September 24 – Nkosazana Dlamini-Zuma. File photo: ANA/David Ritchie

In The News South Africa

North West supports Dlamini-Zuma to lead ANC

RUSTENBURG, October 16 – The African National Congress (ANC) in the North West has Nkosazana Dlamini-Zuma as its preferred candidate to lead the party in December.
The former African Union Commission chairperson and Deputy President Cyril Ramaphosa are seen as front runners to replace Jacob Zuma a the helm.
At the weekend, the ANC in the North West province resolved at its provincial general congress in Rustenburg to nominated and support Dlamini-Zuma as candidate to contest the ANC presidency with Mpumalanga Premier David Mabuza as her deputy.
Free State Premier Ace Magashule was nominated to contest the secretary general position, Jessie Duarte for the first deputy secretary general, Eastern Cape Premier Phumulo Masualle for 2nd deputy secretary general, International Relations and Cooperation Minister Maite Nkoana-Mashabane for treasurer and Arts and Culture Minister Nathi Mthethwa for national chairperson.
Those nominated to contest positions as additional National Executive Committee members included ANC Provincial Secretary Dakota Legoete, Lerato Teme,  Itumeleng Mosala, SA Communist Party North West deputy secretary Pat Motubatse, Environmental Affairs Minister Edna Molewa, North West Finance, Economy and Enterprise Development MEC Wendy Nelson, Pinky Moloi, ANC Youth League President Collen Maine, ANC Women’s League General Secretary Meokgo Matuba, Rustenburg Mayor Mpho Khunou, Humphrey Mmemezi and Obed Bapela.
The ANCWL in North West had endorsed Dlamini-Zuma as its preferred presidential candidate, While the SA Communist Party and Congress of SA Trade Unions (Cosatu) preferred deputy president Cyril Ramaphosa.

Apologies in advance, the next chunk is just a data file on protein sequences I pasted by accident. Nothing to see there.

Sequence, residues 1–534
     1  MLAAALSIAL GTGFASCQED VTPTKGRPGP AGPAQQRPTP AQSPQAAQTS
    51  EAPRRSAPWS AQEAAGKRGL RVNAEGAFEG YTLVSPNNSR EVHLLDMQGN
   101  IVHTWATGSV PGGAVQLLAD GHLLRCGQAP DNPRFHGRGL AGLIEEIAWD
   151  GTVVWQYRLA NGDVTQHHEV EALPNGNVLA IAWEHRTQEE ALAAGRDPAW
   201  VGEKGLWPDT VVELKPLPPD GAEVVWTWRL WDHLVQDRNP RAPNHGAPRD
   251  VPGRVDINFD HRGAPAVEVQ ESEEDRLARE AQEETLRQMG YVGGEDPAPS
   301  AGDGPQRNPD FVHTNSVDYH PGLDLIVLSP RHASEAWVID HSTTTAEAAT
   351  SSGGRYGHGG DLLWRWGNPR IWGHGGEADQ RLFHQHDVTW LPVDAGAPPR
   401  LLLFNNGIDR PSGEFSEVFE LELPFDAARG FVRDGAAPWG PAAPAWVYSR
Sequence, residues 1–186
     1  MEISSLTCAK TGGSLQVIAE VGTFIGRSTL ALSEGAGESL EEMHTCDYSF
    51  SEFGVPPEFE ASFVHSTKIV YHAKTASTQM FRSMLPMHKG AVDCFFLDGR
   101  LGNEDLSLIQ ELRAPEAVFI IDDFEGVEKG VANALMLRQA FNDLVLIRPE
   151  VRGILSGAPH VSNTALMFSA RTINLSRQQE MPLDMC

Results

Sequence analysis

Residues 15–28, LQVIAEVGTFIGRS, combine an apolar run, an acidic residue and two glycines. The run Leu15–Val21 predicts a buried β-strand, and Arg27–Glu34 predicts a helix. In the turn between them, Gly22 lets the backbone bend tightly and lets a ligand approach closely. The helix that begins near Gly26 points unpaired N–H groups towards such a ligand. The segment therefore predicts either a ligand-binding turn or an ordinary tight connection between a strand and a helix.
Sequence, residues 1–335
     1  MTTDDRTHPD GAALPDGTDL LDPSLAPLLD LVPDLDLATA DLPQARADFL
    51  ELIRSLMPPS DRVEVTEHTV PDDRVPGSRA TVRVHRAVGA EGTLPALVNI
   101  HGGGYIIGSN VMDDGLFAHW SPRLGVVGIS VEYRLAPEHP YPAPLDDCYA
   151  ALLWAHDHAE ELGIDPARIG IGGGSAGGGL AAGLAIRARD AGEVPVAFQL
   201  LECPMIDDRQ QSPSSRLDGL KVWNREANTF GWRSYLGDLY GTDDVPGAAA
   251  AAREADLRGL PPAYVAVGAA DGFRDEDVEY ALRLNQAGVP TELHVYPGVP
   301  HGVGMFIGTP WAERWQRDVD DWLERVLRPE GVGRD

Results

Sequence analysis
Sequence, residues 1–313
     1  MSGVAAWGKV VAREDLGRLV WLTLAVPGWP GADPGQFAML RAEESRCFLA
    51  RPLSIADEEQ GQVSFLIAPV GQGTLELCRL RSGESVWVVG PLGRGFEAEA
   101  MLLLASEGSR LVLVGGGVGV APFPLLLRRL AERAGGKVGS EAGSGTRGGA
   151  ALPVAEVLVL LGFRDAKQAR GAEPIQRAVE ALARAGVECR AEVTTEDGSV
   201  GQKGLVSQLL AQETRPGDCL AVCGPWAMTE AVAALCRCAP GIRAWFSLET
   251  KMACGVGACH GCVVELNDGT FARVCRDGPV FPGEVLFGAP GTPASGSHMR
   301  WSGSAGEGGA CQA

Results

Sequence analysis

North West Premier and ANC Provincial Chairperson Supra Mahumapelo said all positions in the ANC were available to be contested. He said it was incorrect to suggest that party deputy presidents automatically ascend to lead the ANC – a practice, which some senior party members have described as tradition.
“The is no such tradition. In Mangaung deputy president, Kgalema Motlanthe, contested President Jacob Zuma. If there was such a tradition Kgalema [Motlanthe] was supposed to be the president,” Mahumapelo said.
He said in Polokwane Zuma contested the position against former president Thabo Mbeki.
“We have nomination forms, if the position of the president was reserved to deputy president it should have not been on the nomination form. All positions in the ANC are contested, all go through the nomination process,” he said.
Last week ANC secretary-general Gwede Mantashe said the ruling party will be in a crisis if  Zuma does not hand over the leadership reins to  his deputy, Ramaphosa.
“If President Zuma, with experience refuses to handover to the DP [deputy president], we will be a crisis. Let us find a woman to be DP, for succession to be managed,” said Mantashe.
“I put this as an idea, I said branches must debate this idea. In the interests of the ANC, succession must be managed,” he said.
The other candidates in the leadership race are; Human Settlements Minister Lindiwe Sisulu, ANC Treasurer-General Zweli Mkhize – seen by some as a possible option for a unity ticket – as well as lawyer and former Mpumalanga premier, Mathews Phosa.

ANA

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